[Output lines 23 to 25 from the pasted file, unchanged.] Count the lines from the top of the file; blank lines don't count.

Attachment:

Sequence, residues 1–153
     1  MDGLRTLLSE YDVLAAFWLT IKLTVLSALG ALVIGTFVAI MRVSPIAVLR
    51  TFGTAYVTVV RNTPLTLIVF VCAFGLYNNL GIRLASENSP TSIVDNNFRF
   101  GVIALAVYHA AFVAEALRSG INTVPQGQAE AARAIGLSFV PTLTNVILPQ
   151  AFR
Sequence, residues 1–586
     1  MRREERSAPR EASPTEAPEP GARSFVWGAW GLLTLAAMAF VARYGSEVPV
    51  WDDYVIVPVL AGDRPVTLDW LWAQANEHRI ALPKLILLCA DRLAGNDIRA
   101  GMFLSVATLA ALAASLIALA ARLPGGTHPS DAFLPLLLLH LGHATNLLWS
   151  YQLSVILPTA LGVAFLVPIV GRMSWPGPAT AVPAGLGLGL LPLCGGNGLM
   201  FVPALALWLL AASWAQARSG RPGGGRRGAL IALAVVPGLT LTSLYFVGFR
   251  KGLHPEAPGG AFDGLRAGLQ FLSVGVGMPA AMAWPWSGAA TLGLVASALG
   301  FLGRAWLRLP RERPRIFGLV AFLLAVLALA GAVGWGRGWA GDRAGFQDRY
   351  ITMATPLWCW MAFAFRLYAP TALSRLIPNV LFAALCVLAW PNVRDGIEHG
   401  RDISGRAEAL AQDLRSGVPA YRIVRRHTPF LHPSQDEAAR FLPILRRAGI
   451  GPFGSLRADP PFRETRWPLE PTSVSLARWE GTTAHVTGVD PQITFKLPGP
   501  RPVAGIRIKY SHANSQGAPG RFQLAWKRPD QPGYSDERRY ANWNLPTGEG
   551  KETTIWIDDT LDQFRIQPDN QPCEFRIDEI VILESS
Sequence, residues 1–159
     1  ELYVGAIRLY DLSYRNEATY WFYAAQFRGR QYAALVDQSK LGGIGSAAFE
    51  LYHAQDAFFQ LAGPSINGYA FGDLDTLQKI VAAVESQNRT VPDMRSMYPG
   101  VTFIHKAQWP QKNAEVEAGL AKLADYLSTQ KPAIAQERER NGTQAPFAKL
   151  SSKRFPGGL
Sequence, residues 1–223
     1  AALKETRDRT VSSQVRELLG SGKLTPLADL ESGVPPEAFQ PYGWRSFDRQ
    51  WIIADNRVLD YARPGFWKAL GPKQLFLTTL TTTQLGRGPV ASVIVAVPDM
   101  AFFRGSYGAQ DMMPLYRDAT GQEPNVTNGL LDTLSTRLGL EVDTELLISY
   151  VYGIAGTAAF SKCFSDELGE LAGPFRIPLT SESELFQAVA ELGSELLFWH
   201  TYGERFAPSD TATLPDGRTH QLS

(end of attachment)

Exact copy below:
   151  SSKRFPGGL
Sequence, residues 1–223
     1  AALKETRDRT VSSQVRELLG SGKLTPLADL ESGVPPEAFQ PYGWRSFDRQ